8. Fold and eat!

Black Bean Burrito

Roasted Curried Cauliflower with Quinoa and Carmelized Onions

28 Feb

Whenever I go to Soul-Cycle Tribeca, I always stop at the Whole Foods next door for two things: Blue Print Cleanse (Green & Red) and curried cauliflower from the salad bar. You may think cauliflower is a snooze fest, and I agree, it can be. But there’s one cooking method that makes anything taste better. Roasting.

Roasting uses indirect heat to cook evenly. It produces a crispy texture on the outside, while cooking all the way through the inside. Meat benefits greatly from roasting, but vegetables are my fave. Here are a couple great roasting tips from Mark Bittman‘s How to Cook Everything Vegetarian.

1. Get that oven HOT (over 400 F)

2. Don’t crowd the pan – make sure there’s enough room so the heat can circulate and any moisture will evaporate. If you crowd the vegetables together, they’ll just trap the heat and steam so you’ll never get that gorgeous browning or crisp exterior.

If you’re looking for a vegetarian bible, get Bittman’s book. There’s literally a recipe for every vegetable you can imagine and he offers vegan substitutions too.

I’ve roasted just about everything from broccoli, onions, garlic, asparagus, fennel, sweet potatoes, tomatoes, and eggplant, to apples, pineapples and fresh chestnuts (YUM). It completely transforms boring vegetables into sweet, carmelized morsels. It’s easy and ideal when entertaining because you’re not chained to the cooktop paying more attention to your dish than your guests. You’ll never believe cauliflower could taste so good!!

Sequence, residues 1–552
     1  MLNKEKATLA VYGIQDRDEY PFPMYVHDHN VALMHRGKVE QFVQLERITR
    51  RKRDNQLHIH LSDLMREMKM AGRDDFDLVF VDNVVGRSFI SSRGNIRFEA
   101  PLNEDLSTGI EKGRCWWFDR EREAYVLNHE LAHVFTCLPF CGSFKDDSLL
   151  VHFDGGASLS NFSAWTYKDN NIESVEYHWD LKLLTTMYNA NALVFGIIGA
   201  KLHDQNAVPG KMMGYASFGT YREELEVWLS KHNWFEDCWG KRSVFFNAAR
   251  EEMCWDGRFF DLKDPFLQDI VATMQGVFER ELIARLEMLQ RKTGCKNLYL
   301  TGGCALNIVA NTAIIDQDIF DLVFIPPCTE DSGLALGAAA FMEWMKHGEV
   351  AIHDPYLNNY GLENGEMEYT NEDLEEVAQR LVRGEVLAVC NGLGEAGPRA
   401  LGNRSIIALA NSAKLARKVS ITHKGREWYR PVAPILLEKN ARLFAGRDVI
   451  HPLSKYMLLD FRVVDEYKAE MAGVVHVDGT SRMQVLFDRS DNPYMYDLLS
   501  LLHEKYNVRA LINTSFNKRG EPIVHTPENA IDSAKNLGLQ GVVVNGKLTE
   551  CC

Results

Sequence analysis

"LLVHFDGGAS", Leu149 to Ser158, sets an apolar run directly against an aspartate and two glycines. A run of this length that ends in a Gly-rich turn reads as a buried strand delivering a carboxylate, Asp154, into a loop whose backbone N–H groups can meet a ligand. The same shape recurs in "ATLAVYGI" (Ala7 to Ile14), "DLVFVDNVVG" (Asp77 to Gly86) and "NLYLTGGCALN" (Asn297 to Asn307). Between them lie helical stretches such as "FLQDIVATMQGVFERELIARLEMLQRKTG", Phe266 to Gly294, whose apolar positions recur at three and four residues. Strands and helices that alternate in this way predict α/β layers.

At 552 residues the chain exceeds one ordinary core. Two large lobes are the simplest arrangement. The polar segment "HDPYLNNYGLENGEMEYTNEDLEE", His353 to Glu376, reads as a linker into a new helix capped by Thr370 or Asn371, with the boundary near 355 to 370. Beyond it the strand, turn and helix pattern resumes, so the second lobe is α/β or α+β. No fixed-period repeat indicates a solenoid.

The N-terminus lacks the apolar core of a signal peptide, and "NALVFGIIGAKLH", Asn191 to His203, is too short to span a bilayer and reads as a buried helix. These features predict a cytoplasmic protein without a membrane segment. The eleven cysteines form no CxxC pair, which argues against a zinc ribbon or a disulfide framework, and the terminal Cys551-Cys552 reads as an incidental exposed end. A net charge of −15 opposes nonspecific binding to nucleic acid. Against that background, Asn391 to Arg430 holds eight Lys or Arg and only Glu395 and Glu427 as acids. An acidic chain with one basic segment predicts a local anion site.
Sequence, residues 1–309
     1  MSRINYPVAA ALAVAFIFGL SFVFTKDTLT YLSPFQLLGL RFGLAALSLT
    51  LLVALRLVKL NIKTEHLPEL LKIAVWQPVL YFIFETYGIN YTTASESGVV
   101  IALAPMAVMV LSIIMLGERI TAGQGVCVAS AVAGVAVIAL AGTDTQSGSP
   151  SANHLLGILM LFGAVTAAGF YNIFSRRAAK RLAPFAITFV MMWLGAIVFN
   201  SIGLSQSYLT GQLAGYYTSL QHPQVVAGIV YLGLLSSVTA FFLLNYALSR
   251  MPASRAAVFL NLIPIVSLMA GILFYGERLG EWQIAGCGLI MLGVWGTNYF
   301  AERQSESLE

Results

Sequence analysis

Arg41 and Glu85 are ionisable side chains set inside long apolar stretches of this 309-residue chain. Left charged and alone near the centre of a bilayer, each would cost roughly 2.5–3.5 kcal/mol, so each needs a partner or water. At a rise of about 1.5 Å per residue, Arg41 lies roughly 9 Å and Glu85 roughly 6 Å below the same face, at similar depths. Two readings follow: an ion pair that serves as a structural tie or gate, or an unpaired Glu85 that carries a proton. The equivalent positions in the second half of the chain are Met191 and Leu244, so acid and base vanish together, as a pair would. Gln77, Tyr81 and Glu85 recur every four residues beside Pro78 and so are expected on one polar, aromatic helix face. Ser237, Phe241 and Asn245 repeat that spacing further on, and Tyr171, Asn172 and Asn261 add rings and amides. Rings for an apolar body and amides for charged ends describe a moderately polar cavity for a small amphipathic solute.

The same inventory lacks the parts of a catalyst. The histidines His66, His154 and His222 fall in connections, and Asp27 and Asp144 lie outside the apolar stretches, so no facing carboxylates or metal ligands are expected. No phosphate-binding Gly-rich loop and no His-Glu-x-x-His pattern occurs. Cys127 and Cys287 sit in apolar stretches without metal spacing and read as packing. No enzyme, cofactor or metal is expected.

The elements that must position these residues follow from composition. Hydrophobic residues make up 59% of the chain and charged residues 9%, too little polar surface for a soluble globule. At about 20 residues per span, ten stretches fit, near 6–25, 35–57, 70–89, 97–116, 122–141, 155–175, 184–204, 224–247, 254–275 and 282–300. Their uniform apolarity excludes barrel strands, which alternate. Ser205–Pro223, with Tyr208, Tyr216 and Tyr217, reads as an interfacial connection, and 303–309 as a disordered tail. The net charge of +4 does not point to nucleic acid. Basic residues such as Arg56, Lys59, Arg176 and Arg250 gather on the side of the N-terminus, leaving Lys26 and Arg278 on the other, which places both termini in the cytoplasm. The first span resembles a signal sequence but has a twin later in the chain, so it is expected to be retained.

If you don’t already have them, invest in a set of stainless steel baking sheets, also known as jelly roll pans. I prefer not to use non-stick because of the perfluorooctanoic acid (say that ten times fast) used to create the non-stick coating. (Scroll down for more info on PFOA). If you use non-stick to save calories, try a high heat canola oil in spray form. You’ll use less with the spray, and it’s easier to coat evenly without dousing with oil.

Spectrum canola spray

I could not live without my baking sheets. If you’re looking to stock your kitchen with the right tools and equipment, start with (2) half sheet pans, and (2) quarter sheet pans. You can find baking sheets and other cookware, utensils, and baking items, at Broadway Panhandler. Their prices are typically better than specialty stores like Williams-Sonoma. I can get lost in Panhandler for hours. It’s a vortex like CVS or Duane Reade.  I go in for something specific, and walk out an hour later with various things I don’t need. You can also order online or find baking sheets at stores like Bed Bath & Beyond.